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Reviewed by:
  • Ludics in Surrealist Theatre and Beyond by Vassiliki Rapti
  • Johanna Malt
Vassiliki Rapti. Ludics in Surrealist Theatre and Beyond. Studies in Surrealism Series. Farnham and Burlington, VT: Ashgate, 2013. Pp. xvi + 193, illustrated. $104.95 (Hb).

Theatre has long been considered the form of expression that least interested the surrealist movement, as defined and led by André Breton. Abandoning drama himself after a few minor forays during his early Dada years, Breton discussed the form only rarely and usually quite dismissively, arguing that, like the novel, it tended to enslave the creative text (and, indeed, its [End Page 282] performance) to a naïve, rationalist, and unproductive notion of “reality.” Other adherents of the movement, most notably Antonin Artaud and Roger Vitrac, had more faith in the capacity of the theatre to accommodate surrealist preoccupations and express them productively, but their experiments generally took place at the margins of the “official” movement. The enthusiastic, later rediscovery of Artaud justifiably abstracted his particular vision from the surrealist context out of which it had originally emerged, and if Artaud became a key figure for both the theory and practice of performance, in the 1960s and after, his connection with the Bretonian vision of surrealism was scarcely a factor in this afterlife. Yet it is this surrealist genealogy that Vassiliki Rapti’s study seeks to reassert. Rapti’s thesis is that, despite Breton’s explicit doubts about and even hostility toward the theatre, an implicit dramatic theory can be reconstructed from his writings, and that, while Breton did not or could not seek to put it into practice himself, other writers subsequently did – not only Artaud and Vitrac, but the Greek surrealist Nanos Valaoritis and a later generation of experimental practitioners, including Robert Wilson and Megan Terry. Rapti claims that it is possible to trace, through this lineage, a form of theatrical experiment that is founded (albeit as implicit and impossible) by Breton, on the basis of distinctively surrealist notions of dialogue and play. Through close readings of works by these writers, she sets out to uncover these notions at work in them and to connect them back to a ludic, non-mimetic, surrealist vision of the theatre, established by Breton.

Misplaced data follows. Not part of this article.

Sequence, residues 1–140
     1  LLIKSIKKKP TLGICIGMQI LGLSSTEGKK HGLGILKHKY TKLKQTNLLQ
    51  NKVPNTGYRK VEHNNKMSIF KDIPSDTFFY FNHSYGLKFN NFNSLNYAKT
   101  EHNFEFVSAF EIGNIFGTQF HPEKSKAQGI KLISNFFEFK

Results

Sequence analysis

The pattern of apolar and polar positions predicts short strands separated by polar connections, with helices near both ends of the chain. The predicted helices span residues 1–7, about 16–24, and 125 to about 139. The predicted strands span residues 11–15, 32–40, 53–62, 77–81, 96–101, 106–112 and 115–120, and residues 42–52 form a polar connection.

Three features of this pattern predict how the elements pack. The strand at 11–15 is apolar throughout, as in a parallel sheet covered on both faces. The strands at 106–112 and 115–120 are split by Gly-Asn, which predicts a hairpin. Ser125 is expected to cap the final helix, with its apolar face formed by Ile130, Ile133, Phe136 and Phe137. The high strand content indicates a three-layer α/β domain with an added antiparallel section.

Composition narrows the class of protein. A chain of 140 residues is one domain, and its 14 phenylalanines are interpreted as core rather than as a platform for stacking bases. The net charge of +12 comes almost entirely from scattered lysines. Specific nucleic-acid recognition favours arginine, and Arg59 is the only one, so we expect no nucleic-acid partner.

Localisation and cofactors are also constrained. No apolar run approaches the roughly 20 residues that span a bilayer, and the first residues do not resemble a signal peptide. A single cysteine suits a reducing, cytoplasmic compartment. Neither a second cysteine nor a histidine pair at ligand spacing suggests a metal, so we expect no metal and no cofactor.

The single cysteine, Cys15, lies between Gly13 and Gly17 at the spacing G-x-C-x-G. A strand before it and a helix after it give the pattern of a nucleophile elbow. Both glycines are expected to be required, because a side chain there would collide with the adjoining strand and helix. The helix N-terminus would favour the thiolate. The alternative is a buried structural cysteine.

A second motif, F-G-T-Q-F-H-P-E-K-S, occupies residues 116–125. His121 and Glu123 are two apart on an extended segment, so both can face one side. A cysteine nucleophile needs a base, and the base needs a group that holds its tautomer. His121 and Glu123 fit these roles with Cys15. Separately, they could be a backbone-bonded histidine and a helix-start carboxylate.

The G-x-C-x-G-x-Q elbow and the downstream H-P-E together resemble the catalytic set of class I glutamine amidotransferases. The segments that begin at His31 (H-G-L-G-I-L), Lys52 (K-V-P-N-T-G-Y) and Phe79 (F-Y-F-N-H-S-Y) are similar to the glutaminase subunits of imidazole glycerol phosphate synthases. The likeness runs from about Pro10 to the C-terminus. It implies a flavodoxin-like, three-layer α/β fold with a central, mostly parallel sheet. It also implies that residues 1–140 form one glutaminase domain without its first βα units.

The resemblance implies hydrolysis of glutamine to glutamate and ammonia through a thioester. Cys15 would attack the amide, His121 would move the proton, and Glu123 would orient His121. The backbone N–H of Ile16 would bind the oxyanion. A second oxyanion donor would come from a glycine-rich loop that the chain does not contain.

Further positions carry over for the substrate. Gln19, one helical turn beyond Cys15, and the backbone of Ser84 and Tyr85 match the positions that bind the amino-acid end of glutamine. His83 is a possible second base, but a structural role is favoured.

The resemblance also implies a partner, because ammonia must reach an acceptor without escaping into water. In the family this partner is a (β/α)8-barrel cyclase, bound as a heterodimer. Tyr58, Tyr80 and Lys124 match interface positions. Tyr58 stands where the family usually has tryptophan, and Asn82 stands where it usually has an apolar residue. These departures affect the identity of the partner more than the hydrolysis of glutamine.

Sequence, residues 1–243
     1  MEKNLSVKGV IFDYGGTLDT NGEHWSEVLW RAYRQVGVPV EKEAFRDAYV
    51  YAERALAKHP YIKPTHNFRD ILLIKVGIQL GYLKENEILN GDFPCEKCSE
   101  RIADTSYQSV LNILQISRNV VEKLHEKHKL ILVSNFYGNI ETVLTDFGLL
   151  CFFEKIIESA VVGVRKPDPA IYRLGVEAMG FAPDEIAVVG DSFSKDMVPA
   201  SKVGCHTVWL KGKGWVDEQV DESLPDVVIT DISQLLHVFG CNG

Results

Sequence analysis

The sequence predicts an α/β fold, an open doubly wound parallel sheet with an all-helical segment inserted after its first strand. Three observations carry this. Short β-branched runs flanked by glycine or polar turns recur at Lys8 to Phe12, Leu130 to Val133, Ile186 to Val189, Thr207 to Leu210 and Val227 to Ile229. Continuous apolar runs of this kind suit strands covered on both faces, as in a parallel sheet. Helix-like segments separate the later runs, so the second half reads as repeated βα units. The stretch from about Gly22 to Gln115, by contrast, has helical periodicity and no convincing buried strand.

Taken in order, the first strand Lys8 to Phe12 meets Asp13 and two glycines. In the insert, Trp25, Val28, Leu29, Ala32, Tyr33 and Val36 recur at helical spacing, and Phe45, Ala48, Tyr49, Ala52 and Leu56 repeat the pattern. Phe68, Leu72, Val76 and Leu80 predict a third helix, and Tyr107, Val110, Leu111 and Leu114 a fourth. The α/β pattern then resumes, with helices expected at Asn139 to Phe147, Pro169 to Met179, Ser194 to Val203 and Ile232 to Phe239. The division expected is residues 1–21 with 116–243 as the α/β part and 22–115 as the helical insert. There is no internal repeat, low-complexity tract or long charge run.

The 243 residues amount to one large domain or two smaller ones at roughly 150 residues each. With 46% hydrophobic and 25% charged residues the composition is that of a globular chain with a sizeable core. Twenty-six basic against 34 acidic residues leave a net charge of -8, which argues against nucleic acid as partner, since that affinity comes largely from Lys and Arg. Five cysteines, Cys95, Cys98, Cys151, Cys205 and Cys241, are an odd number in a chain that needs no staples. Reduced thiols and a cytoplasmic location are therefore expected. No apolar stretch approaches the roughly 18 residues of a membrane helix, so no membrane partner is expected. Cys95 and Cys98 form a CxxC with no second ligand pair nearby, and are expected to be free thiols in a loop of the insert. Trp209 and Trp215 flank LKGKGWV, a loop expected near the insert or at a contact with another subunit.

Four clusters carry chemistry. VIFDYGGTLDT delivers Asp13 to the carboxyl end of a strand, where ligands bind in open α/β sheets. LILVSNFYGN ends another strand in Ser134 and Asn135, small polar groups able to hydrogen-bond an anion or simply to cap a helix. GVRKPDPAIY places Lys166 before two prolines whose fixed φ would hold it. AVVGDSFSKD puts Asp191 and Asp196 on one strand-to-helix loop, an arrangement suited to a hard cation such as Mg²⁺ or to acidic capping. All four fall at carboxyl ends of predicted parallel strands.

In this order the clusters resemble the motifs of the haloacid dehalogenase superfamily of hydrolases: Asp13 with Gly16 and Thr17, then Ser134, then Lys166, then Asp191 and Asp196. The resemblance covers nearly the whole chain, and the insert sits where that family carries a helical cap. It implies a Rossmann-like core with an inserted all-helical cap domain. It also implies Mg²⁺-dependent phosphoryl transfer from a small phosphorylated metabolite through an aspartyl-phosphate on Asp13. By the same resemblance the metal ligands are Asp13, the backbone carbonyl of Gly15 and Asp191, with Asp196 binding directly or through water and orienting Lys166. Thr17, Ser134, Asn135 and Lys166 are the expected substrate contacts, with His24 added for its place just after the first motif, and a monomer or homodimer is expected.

Much hinges, then, on the first chapter, where Rapti seeks to reconstruct Breton’s “ludic dramatic theory” (46), notably from a key scene in his 1928 autobiographical prose narrative, Nadja, in which the eponymous protagonist invites him to play a game of word association with her. The verbal image that Nadja conjures reminds the narrator of the one piece of theatre he passionately admires, a piece of grand guignol by Pierre Palau called Les Détraquées (meaning “madwomen” or “the unhinged”). This image becomes the nexus of a web of surreal associations for Breton, and for Rapti, who compares his account of the incident to that of a “performance analyst,” using a term drawn from Patrice Pavis (37–38). From Breton’s response to it, she extrapolates an incipient theory of performance, based on a dialogical and non-mimetic practice, where the performer – like Nadja in this scene, or like a child playing an imaginative game – both embodies the other and remains herself. It is this conception of performance that Rapti, then, tracks through the theatrical experiments of Vitrac, Valaoritis, Wilson, and Terry, arguing that they are able to put into practice (not least, thanks to new technological developments) a theatre that approaches Breton’s supposed ideal. Breton only thinks he hates the theatre, Rapti argues, because he thinks of the theatre as Aristotelian, realist, and intrinsically mimetic. Later practitioners, influenced by him, are able to show that it doesn’t have to be any of those things. [End Page 283]

The problem with all this is that it relies on very limited evidence. Rapti’s tracing of the scene from Nadja and its associations is interesting, but she fails to establish it as specifically theatrical in character. The idea of “performance analysis,” as used here, is nothing more than a reframing of what is already theorized explicitly in surrealist thinking on poetry, the dream, the image, or the found object. What Repti sees as dialogic/ludic and therefore...


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